It happens almost every class, that someone has trouble learning how to confidently manipulate her firearm. She might struggle with reloading the gun efficiently, or with clearing an unexpected malfunction. It’s not uncommon, because mechanical skills don’t come easily to everyone.
During one class this past summer, one student had a particularly hard time learning how to clear a doublefeed. Working as the instructor, I’d talked her and the other students through the process several times. When all the students seemed to understand the idea, I told them it was time for them to clear the problem on their own. Along with my range assistants, I watched carefully as most of the students locked the slide back, removed the magazine, racked the slide several times, and successfully reloaded the gun. This process could be described as, “Unload. Vigorously make sure it’s unloaded. Reload.”
Although the likelihood of needing to clear a doublefeed in a self-defense situation is very low, I still think it’s an important skillset. That’s because it so significantly improves the students’ ability to handle their firearms with safety and confidence. The improved confidence from knowing how their firearms work, and knowing how to make it keep working if something goes wrong, is worth the extra effort it takes to get everyone in class able to do this task. Like most other individual components of firearms manipulation, it’s not so much about the specific skill itself as it is about the students’ overall confidence in handling their firearms.
For this reason, I made a point of telling the assistants, “Please step back and let the students solve the problem on their own now,” even though several of the students weren’t quite sure they’d be able to do it. But they did! Good for them.
After most of the other students had cleared the trouble and taken their shots, our struggling student still hadn’t fired. She had worked on the problem until she felt stuck, then stopped and waited for someone to come help her or tell her what to do. “You can do this,” I encouraged her. “You need to solve it yourself. No one’s going to rescue you. You’re going to have to rescue yourself now.” And she did! I quite literally cheered when the student who had been having the most trouble with the task finally mastered it. Good for her! We worked the problem a few more times to be sure everyone would be able to practice the skill on their own, then moved on to other important things.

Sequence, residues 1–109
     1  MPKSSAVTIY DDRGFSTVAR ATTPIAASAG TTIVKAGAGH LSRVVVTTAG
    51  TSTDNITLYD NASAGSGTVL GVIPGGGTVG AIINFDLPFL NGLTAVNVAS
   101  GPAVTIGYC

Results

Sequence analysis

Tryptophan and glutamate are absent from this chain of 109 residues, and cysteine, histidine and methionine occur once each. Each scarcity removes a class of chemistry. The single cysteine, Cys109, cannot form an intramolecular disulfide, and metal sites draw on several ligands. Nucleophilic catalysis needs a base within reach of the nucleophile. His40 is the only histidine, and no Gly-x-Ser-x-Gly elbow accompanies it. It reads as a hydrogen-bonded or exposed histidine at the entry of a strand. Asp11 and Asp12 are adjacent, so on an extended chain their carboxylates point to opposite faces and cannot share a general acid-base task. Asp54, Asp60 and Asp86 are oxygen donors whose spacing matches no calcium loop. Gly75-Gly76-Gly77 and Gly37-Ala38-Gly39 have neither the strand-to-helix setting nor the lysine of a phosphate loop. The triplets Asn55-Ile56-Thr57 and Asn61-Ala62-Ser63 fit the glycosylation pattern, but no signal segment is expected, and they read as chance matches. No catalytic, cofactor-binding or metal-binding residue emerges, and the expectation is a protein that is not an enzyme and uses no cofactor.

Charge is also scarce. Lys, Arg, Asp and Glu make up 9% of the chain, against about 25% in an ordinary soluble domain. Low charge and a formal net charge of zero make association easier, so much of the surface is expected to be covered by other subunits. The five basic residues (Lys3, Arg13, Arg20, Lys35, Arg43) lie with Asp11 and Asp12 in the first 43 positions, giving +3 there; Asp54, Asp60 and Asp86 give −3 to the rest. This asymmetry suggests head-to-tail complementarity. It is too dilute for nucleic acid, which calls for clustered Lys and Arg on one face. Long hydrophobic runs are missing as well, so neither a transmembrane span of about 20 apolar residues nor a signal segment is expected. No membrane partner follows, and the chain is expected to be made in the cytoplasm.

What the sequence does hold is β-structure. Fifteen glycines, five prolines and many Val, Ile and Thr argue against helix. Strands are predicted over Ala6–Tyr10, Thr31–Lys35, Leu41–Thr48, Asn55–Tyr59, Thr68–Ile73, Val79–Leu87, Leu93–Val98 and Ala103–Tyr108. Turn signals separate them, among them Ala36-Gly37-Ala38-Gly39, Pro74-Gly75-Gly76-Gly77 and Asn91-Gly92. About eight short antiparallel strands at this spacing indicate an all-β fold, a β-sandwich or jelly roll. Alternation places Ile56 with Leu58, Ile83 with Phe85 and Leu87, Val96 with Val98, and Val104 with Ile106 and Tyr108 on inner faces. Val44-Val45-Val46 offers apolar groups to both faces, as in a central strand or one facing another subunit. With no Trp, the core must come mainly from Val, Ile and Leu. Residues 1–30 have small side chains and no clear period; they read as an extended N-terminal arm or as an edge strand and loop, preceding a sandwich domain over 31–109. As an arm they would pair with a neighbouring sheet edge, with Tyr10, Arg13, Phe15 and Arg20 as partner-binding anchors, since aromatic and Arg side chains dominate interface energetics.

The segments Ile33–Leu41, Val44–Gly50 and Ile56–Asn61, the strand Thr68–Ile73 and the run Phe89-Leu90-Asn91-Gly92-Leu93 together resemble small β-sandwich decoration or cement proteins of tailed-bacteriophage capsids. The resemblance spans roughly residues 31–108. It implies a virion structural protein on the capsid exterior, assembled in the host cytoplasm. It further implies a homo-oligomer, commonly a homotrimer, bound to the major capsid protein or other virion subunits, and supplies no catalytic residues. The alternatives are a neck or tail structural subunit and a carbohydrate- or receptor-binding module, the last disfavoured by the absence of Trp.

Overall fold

Why did I make such a point of the student solving the problem for herself? This blog post from eiaft might help explain why. Although the post on that page is superficially about something else entirely, it’s really not. It’s about exactly this thing: being prepared to take care of your own self when help isn’t coming. EIAFT writes:
“From a personal defense POV, I teach the folks that come to my classes HELP IS NOT COMING!!!! YOU ARE THE ANSWER, YOU ARE YOUR ONLY DEFENDER!!! And so it is in the aftermath of Sandy. When a person looks in the mirror – they see the only person who is going to help them.”
That’s exactly right.
When you practice with your self-defense firearm, don’t get in the habit of waiting for someone else to tell you what to do and how to do it. If you have a helpful friend, ask that person to show you how to do something, yes—but then ask them to step back and keep their mouth shut while you practice solving the problem for yourself. After all, they won’t always be there to talk you through trouble, but you will. Learn good skills and practice them until you can confidently solve the problems for yourself.
 In class, there’s literally no way to give students enough repetitions of a new skill for them to achieve true mastery. It takes roughly 300 to 500 repetitions of a complex motor skill to hammer it into your “muscle memory”—but it takes ten times as much work, approximately 3000 to 5000 reps, to erase a previously learned bad habit. For this reason, my primary goal in class is to show students what they need to practice and how they need to practice it. It’s up to them to get the practice they need to achieve “muscle memory” from their own starting points.
But OH MY GOD is it hard for someone who has been teaching thirty years to let a student fumble with a gun. You’re right, though. It’s probably the most important thing for an instructor to learn. Or a parent.